If you aren’t comfortable dining inside, it is a bit easier in Southern California to stay comfortable outdoors, where the risk of viral transmission is significantly reduced. Dr. Regina Chisio-Kwong, an Orange County deputy health officer who will be promoted to health officer Friday, said other ways to reduce risk include dining at restaurants that still practice distancing measures, limiting time at a restaurant and wearing masks when not eating.
But everyone will have to make their own decisions. Many gyms in California don’t require proof of vaccination. Although the city of Los Angeles currently requires indoor gym customers to show proof of vaccination, the City Council is scheduled to vote Wednesday on whether to prepare an ordinance making vaccine verification at restaurants, gyms and other venues optional.
“If you are a young person who’s healthy, who’s been vaccinated, who’s been boosted, and who is not around others that may be vulnerable, you’d feel much more comfortable going into places without masks,” Dr. Robert Kim-Farley, a UCLA epidemiologist and infectious diseases expert, said in an interview.
“Someone who is elderly, someone who has multiple medical conditions, someone who is immune-compromised — where they’re at higher risk of coming down with severe disease — would rightly wish to consider using masking and the protection it gives when they enter into crowded indoor spaces,” Kim-Farley said.
Some people may also want to wear a mask to prevent the risk of bringing home the virus to a vulnerable family member, who might get severely ill or die from COVID-19.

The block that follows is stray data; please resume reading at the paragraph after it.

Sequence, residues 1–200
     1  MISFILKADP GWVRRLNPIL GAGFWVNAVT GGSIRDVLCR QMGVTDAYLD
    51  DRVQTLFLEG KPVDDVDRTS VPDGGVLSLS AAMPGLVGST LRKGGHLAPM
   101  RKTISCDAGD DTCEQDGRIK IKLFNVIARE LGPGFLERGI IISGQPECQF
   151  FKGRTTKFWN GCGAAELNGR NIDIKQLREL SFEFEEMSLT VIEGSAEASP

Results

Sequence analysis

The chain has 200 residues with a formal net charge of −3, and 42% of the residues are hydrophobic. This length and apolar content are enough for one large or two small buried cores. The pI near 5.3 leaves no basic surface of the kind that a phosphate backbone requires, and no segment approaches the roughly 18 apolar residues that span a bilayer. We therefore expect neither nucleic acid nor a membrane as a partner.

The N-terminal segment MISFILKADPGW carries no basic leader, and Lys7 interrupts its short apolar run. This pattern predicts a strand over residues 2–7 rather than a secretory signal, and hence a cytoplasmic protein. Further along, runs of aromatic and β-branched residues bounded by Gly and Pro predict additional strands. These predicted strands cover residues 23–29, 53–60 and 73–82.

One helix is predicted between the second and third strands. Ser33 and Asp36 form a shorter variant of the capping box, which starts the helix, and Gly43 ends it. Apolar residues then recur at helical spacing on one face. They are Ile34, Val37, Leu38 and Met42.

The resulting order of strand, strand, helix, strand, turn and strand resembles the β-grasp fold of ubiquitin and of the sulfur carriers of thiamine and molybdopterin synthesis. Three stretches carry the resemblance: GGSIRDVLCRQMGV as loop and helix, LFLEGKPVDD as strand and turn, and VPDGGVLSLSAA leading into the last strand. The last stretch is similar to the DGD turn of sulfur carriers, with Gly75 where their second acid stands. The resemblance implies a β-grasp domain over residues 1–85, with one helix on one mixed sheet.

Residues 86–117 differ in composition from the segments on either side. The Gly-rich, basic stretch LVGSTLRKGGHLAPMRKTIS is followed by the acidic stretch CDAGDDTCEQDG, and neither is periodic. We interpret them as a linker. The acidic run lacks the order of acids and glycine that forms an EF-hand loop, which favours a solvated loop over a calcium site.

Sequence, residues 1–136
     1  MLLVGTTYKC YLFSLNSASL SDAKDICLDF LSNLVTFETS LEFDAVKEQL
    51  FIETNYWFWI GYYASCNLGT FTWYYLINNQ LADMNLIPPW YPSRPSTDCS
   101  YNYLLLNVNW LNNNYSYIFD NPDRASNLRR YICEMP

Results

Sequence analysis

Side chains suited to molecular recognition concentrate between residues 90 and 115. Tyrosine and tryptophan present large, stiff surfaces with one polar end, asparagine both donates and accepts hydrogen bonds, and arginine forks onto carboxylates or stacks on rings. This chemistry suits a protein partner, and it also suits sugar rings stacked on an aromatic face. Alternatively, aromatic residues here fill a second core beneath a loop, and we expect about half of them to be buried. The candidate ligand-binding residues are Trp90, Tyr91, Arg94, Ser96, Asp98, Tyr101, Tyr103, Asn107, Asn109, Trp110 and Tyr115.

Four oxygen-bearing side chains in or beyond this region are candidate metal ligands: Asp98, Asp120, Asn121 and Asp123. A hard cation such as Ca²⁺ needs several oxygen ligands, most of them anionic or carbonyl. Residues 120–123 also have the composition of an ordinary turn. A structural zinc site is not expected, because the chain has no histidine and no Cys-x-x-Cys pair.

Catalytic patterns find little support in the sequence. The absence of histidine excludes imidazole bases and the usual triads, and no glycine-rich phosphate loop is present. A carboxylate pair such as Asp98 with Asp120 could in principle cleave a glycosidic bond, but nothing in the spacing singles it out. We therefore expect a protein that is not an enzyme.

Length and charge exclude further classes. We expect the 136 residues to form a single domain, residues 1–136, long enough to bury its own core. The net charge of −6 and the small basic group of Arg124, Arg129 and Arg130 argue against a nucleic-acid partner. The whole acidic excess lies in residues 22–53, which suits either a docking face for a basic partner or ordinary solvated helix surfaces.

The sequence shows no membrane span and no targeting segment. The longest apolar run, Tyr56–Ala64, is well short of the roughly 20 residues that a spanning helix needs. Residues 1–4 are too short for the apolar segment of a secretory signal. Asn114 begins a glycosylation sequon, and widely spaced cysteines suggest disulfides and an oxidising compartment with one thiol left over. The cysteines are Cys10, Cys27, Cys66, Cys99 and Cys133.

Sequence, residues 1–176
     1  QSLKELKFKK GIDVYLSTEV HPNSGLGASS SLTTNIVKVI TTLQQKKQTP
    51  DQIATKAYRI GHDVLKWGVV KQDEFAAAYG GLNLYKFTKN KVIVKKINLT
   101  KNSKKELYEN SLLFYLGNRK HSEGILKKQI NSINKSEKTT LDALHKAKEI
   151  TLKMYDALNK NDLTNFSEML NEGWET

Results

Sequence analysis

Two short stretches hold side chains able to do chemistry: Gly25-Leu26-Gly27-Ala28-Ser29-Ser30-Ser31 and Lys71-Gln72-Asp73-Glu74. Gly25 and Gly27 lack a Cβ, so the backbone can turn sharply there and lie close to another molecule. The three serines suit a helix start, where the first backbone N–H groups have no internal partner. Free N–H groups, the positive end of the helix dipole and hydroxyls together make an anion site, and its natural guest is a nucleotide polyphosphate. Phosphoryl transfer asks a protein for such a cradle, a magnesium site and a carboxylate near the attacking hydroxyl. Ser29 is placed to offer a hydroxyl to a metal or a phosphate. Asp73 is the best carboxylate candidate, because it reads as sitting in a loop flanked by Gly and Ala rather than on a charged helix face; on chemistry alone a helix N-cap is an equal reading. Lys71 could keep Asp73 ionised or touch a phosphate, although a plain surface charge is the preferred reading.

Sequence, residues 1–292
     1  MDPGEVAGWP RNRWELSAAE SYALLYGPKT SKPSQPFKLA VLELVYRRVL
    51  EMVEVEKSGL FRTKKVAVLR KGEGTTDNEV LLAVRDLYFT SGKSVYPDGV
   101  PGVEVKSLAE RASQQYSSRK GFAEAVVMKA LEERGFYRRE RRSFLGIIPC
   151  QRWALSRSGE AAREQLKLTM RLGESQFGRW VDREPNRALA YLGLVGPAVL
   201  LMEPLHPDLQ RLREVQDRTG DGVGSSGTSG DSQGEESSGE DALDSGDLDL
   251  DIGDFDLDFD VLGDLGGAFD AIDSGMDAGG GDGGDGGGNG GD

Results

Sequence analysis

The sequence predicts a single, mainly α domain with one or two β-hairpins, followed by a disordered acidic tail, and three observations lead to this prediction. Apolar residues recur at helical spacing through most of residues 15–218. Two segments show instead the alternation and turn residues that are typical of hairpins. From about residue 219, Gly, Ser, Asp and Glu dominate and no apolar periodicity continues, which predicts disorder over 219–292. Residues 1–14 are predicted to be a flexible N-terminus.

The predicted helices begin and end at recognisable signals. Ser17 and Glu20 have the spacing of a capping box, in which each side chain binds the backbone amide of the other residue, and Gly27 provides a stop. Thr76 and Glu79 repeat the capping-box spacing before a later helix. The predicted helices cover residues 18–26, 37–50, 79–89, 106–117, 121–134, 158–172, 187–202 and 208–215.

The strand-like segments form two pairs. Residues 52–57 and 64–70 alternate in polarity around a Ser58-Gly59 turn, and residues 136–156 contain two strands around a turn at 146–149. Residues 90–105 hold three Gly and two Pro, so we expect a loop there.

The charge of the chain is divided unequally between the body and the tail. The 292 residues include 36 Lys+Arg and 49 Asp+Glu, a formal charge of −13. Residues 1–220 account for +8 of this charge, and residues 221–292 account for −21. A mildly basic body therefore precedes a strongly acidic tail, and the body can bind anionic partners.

Living with the immunocompromised
One of them is Dr. Clayton Chau, director of the Orange County Health Care Agency, who lives with his immunocompromised mother, who is in her 80s. He said he wears a mask both inside stores and in crowded outdoor areas. “I’m extra careful because I have somebody who is at high risk that I live with,” Chau said in a broadcast Tuesday night.
“We need to make sure we don’t stigmatize people wearing masks. People should have that right to wear masks or not when there’s no mandate,” Kim-Farley said.
That personal assessment is especially key for immunocompromised residents who don’t enjoy the same level of vaccine protection as others.
But official say people with weakened immune systems now have many more strategies than just staying at home. Immunocompromised individuals are eligible for a fourth COVID-19 vaccination dose and should be aware of Evusheld, an injectable antibody drug that offers long-term prevention of COVID-19.
Gatherings can be safer if attendees take rapid tests right beforehand. The US government on Monday allowed every household in the nation to order an additional free set of four rapid at-home coronavirus tests; many ordered their households’ first free tests in late January. They can be ordered at covidtests.gov or by calling (800) 232-0233.
People with health insurance also can order at-home tests and seek reimbursement through their health provider. Federal officials require insurance companies to cover the cost of eight over-the-counter at-home tests for every insured person per month, meaning a family of four can get 32 tests every month for free.
Times staff writer Emily Alpert Reyes contributed to this report.